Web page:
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Scientists just published a new study looking at bunnies having sex while on prozac to determine their theory that the female orgasm is useful beyond just reproductive needs. Yep! (You can read that over again, but you read it right the first time.)
Gunter Wagner, a professor at Yale, and Mihaela Pavlicev, a professor from the University of Cincinnati, Ohio, published the study in PNAS, and hypothesized that the female orgasm “was [a] happy evolutionary gift inherited from older lineages of animals who only ovulate during copulation,” according to a press release on the Yale site. In other words, women used to orgasm back in the day because it helped them make babies. But as we’ve evolved, we’ve lost that reproductive perk, but have still maintained our ability to orgasm. Why? Well, that’s what researchers are trying to find out. But first, they needed to do a few tests on animals who still ovulate because they’ve had sex… enter: Rabbits.
Fun facts: Bunnies have their clits on the inside of their reproductive tracts (as opposed to just outside and to the north of it, like humans), and (to be clear), they only ovulate when sex occurs—AKA rabbits do not have a monthly period cycle like humans do, and will only release eggs if they’ve had sex.
With their theory in mind, the scientists gave some female bunnies Prozac (an SSRI known to cause sexual side effects like difficulty orgasming) and others nothing to test how their ovulation while having sex on the drug (with a male bunny named Frank, btw). The results showed that when on Prozac, the female bunnies reproductive systems were reduced in function because they weren’t orgasming.
Useful translation: If human women have continued to evolve for 50 MILLION YEARS with the ability to orgasm, it must serve some other benefit beyond reproduction. FASCINATING.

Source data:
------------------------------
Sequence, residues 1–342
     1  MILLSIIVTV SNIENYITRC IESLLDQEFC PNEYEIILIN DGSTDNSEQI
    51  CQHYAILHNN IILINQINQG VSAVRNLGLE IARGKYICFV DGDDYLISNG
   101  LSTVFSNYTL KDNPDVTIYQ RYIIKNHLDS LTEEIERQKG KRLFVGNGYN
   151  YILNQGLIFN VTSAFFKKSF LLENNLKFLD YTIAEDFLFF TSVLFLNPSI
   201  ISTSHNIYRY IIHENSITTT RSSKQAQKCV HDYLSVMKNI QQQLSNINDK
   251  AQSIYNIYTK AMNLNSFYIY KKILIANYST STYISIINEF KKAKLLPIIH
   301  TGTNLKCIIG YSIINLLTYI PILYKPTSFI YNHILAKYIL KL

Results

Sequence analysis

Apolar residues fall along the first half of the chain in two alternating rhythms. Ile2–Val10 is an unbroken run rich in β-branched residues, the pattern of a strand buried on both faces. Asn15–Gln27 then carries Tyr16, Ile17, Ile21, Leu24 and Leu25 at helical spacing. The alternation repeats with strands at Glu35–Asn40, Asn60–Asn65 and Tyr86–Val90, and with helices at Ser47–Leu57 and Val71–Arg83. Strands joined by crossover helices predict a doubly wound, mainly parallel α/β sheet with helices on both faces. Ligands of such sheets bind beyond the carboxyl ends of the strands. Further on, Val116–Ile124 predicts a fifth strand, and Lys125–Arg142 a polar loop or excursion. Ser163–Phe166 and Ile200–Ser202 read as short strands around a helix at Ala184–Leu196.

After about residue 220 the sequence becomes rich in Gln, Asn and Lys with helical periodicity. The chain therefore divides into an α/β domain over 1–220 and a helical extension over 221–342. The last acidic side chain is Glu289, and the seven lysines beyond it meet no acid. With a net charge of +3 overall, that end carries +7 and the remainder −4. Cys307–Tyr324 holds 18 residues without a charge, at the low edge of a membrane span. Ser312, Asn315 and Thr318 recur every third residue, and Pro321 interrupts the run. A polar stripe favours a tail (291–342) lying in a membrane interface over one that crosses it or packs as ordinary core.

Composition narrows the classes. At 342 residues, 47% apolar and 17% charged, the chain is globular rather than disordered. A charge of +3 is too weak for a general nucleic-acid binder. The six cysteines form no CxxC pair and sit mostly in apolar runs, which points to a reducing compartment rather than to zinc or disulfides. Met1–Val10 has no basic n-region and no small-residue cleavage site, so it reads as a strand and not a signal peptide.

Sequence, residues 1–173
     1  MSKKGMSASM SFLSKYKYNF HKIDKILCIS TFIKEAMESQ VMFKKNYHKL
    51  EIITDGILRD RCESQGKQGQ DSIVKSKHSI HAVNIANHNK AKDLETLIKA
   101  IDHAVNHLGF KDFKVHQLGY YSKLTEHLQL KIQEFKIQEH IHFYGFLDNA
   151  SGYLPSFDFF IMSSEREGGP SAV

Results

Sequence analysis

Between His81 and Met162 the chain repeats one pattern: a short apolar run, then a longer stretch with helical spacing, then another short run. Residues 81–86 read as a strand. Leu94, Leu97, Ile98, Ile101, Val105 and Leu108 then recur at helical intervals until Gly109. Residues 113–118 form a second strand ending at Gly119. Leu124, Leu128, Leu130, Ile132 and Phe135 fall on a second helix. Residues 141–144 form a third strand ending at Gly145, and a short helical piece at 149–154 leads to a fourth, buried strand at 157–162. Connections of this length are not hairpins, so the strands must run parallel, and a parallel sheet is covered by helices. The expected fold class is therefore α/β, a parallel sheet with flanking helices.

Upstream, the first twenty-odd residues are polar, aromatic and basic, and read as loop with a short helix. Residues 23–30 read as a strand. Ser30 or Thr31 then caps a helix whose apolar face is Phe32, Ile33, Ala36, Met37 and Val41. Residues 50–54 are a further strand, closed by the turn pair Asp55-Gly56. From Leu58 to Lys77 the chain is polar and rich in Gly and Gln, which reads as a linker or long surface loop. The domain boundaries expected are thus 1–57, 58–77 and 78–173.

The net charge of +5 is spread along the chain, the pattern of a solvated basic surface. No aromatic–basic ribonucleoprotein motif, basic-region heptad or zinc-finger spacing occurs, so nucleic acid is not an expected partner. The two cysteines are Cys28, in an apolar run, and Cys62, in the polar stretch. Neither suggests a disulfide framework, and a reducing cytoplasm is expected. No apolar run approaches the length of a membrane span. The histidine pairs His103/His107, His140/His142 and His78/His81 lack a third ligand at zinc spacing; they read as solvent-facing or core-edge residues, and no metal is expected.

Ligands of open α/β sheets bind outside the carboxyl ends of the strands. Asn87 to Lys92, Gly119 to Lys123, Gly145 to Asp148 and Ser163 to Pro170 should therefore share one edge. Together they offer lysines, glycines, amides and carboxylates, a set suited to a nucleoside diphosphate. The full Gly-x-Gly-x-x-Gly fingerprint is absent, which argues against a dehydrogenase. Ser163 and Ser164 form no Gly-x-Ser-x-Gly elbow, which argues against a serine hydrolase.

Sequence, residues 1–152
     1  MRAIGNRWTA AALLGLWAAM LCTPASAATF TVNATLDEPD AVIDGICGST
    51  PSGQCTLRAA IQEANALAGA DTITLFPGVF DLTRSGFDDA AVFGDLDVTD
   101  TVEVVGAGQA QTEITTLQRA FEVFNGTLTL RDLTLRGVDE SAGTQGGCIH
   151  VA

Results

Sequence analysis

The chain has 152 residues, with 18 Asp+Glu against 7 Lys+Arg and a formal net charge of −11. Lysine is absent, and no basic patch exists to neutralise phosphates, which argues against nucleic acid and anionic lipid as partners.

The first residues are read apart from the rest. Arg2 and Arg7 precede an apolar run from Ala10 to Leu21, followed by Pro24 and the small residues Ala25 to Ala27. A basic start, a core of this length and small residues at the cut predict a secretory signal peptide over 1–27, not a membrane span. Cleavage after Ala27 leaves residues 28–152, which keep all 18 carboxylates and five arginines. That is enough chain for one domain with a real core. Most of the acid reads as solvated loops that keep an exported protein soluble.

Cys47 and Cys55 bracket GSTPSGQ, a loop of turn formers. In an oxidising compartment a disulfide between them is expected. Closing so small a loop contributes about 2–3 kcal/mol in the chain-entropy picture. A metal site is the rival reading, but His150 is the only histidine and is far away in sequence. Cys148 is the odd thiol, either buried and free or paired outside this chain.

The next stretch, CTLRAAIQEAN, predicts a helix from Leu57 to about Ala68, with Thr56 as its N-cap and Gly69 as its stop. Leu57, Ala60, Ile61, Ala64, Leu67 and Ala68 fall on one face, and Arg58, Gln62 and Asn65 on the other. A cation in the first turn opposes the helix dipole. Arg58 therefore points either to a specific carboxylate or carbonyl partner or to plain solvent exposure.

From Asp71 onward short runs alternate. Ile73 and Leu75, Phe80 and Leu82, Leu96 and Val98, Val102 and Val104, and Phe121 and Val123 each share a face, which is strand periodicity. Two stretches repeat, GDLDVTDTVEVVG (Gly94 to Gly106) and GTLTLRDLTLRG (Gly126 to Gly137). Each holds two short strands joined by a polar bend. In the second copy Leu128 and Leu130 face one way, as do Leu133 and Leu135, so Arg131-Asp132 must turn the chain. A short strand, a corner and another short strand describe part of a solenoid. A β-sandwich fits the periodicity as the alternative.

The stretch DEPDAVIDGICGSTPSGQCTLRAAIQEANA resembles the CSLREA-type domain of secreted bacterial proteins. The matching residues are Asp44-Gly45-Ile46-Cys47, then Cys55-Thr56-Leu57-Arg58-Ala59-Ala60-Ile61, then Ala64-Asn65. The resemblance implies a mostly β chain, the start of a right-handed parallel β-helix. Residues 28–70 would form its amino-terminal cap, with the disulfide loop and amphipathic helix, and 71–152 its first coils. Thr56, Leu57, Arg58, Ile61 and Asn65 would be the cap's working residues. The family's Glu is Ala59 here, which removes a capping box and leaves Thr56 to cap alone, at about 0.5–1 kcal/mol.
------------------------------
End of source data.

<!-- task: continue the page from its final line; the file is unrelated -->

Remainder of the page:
“Reproduction is not the only important biological function,” Dr. Wagner explained in a phone call with Cosmopolitan. “I mean, survival and being able to fight off infections and so on, or dealing with stress are equally important as reproduction, right? So we shouldn’t reduce female sexuality.”
Damn straight. Plus, female orgasm is known to release oxytocin, which supports Wagner’s curiosity that perhaps the female orgasm has other more important functionality, like in immunology, stress management, or something else.
And while at first glance, you might be jealous that bunnies have their clits on the inside of their reproductive tracts, Wagner actually suggests that the evolution of the human clitoris to migrate north means we’re winning.
Think about it: If ovulation was still tied only to sex, any rogue orgasm could throw your cycle out of whack. With the clitoris on the outside of your reproductive tract, you’re free to have as many orgasms as frequently as you want, without impacting your reproductive system. Basically, it sounds like our clits setting up shop further north gives women the freedom to freely orgasm without any unintended reproductive consequences. We’re having our cake and eating it, too.
As for Frank’s qualifications as the sole male rabbit in this study? Dr. Wagner says it came down to cost. They could only afford one male bunny, and it made sense to cut down the variables and use the same male throughout the experiment. Frank was simply chosen at random. “He was just a lucky bunny,” Wagner said.